Back to Detroit - here is a Blueprint for Detroit’s Future. In my work, I’ve looked at the problem of financing services and infrastructure in a city with a declining population. It’s very challenging and the math doesn’t seem to add up. One thing that caught my eye is how they talk about landscape and green infrastructure:
In the spirit of innovation that has made the city great, Detroit will lead the world in developing landscape as 21st century infrastructure to transform vacant land areas into community assets that remediate contaminated land, to improve human health and elevate adjacent land values—all without residential displacement… The iconic boulevards and freeway corridors of the city can be transformed to reinforce a new civic identity through the creation of linear carbon forests that clean air, and stormwater management landscapes that collect, treat and recycle water…
Much of Detroit’s 19th and 20th infrastructure is nearing the end of its productive life. Although replacing and maintaining conventional infrastructure will remain important to Detroit’s future, landscapes can also function in similar ways, yet are less expensive to construct and maintain than conventional systems. Landscape can be adapted to serve stormwater/wastewater, energy, roads/transportation, and waste infrastructure systems.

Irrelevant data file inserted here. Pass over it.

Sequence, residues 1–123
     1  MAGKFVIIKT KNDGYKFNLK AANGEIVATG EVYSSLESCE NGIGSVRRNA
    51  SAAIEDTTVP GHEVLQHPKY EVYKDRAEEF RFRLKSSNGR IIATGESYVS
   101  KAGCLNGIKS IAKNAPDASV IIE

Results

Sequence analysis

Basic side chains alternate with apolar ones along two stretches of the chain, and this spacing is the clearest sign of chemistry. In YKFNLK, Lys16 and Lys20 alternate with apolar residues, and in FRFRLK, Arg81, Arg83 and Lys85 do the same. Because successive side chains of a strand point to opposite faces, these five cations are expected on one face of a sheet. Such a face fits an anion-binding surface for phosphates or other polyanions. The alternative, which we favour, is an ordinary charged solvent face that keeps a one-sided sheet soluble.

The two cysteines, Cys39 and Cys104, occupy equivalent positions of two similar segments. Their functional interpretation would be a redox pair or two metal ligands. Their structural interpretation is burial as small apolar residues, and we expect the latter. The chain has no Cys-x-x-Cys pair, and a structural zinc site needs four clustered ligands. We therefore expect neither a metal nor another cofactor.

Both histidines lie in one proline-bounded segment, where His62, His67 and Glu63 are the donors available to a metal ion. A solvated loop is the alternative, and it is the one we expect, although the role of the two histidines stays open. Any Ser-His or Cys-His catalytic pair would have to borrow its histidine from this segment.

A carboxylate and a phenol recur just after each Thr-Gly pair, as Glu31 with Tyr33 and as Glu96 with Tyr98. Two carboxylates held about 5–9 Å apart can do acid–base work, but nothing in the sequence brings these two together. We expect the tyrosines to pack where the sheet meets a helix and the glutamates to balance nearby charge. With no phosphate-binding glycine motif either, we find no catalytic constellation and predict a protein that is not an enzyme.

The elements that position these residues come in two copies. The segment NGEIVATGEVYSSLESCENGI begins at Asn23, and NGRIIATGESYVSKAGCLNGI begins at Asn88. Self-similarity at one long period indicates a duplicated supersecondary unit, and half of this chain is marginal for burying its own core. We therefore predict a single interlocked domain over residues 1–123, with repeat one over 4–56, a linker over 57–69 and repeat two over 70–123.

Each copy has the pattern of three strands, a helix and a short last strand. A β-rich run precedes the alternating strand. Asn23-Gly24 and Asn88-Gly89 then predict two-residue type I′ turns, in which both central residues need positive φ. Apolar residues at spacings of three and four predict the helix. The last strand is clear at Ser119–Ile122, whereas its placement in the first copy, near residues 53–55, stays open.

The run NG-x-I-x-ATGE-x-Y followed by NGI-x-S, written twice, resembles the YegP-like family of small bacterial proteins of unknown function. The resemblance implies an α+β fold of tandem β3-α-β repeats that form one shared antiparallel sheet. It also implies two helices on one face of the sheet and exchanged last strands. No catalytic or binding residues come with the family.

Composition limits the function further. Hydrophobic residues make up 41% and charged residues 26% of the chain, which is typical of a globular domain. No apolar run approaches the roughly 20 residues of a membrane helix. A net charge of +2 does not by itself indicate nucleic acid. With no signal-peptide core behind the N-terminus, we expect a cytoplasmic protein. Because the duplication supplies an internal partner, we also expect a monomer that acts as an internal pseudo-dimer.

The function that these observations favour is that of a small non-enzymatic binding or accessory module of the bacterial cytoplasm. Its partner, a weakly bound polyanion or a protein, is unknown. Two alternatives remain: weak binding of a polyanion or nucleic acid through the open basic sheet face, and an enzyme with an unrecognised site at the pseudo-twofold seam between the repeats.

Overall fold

Blue infrastructures are water-based landscapes like retention ponds, and lakes that capture and clean stormwater, reducing the quantity and improving the quality of water that enters the combined stormwater/sewage system.
Green infrastructures are forest landscapes that improve air quality by capturing air-borne pollutants from industry, vehicular exhaust along interstates, and infrastructure facilities like the Detroit Recovery Facility, which incinerates household waste. Green infrastructure also includes greenways, paths, and dedicated lanes for bicycling, walking, and running.
Landscape infrastructure can act as multiple kinds of infrastructure at once. For example, a combination blue (water) and green (plants and trees) corridor might capture stormwater along drainage swales alongside a major road, while integrating a greenway for bicycling and walking—to support connections among home, work, and services.